Retiring in Thailand: a complete guide
Thailand is a popular option for retirees. If you’re considering spending your retirement in Thailand, look at our handy guide covering everything from the best locations to the cost of healthcare.
What can a retiree expect from their Thai lifestyle? Sitting in the top ten of International Living’s Annual Global Retirement Index, it’s widely considered one of the most attractive options for a dream retirement move.
It’s easy to see why. Thailand boasts a great healthcare system, an incredibly low cost of living, natural beauty, and exciting city living.
The warm climate is also a draw. The stunning natural landscape elevates this, so for the more adventurous retiree, there is plenty of scope for exploration into the forests and along the coast. Thailand also boasts a wonderfully unique and colorful culture for US retirees to impress themselves into.
What is the average cost to retire in Thailand?
A huge benefit of moving to Thailand for your retirement lies in the low cost of living you’ll find there. According to Numbeo, living in Thailand costs around 36 percent less than in the US. With that in mind, you can live fairly comfortably there for approximately $1,500 per month.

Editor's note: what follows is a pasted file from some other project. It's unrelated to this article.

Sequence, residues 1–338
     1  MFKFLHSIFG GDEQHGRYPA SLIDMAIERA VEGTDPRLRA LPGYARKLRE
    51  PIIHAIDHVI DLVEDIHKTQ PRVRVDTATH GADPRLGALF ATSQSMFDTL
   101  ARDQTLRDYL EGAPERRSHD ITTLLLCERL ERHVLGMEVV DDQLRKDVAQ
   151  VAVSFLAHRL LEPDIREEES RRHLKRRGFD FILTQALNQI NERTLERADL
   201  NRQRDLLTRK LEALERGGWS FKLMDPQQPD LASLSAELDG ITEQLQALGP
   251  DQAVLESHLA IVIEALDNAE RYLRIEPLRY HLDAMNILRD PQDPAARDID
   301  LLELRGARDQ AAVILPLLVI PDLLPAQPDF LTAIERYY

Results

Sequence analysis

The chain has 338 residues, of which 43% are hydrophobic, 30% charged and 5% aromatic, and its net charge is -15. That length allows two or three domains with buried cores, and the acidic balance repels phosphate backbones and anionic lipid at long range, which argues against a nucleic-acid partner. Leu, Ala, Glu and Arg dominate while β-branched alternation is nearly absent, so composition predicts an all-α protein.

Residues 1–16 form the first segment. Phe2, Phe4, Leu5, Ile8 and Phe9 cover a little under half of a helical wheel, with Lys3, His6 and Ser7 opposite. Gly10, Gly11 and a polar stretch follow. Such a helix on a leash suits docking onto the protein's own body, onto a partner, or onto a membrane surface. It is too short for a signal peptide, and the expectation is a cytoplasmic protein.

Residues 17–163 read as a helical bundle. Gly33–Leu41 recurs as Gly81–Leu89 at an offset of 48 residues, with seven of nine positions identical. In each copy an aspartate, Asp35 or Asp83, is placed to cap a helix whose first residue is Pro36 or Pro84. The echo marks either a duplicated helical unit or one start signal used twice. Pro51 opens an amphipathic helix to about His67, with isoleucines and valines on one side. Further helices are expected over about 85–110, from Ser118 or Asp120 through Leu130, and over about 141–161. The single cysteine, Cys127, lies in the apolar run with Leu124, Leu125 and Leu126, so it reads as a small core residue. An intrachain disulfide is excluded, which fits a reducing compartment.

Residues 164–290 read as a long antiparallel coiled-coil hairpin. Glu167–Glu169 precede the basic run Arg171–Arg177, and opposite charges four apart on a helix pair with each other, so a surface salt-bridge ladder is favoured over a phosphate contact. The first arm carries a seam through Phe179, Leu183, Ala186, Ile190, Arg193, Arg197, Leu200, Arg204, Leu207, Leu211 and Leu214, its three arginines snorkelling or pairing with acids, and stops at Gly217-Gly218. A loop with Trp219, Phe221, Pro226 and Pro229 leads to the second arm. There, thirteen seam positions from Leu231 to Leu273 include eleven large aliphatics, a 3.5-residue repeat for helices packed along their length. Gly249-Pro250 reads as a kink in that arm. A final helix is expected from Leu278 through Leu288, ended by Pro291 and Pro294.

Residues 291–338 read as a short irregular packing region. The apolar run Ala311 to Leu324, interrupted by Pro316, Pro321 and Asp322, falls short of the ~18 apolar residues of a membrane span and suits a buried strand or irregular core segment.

The cost difference will depend on where in Thailand you choose to live. Like anywhere, the price of housing, food, and other lifestyle outgoings will vary. Plus, the lifestyle you want to lead will also influence how much you’ll be spending each month. But with a monthly budget of $2,000, you can expect to live comfortably anywhere in Thailand.
It's important to remember that you’ll need to support your own lifestyle financially; however you choose to live. There are several things to consider when picturing how your financial situation to shape up once you are no longer working, including retirement age and withdrawing your retirement savings early.
What visas do I need to retire in Thailand?
Ensuring your visa requirements are all in order is essential when relocating anywhere, and Thailand is no different.
If the plan for you is to retire in Thailand, you’ll need to start by getting a Non-Immigrant Long Stay Visa – also known as a retirement visa – which entitles you to a one-year stay in Thailand. You’ll be eligible for this visa if you are over 50, have a valid passport, and pass a criminal background check. There are also financial requirements needed for your visa to be accepted. These can be one of the following:
You have a Thai bank account holding 800,000 baht (approx. $24,500) or more.
You have a monthly income or pension of 65,000 baht (approx. $2,000) or more.
You can combine the above options to bring your total funds to 800,000 baht or more.
Your retirement visa does come with stipulations. You must report to a Thai immigration office once every 90 days and aren’t allowed to work with this visa. It also doesn’t allow you to leave and re-enter the country, so if you plan on doing so, you’ll need to apply for a re-entry permit.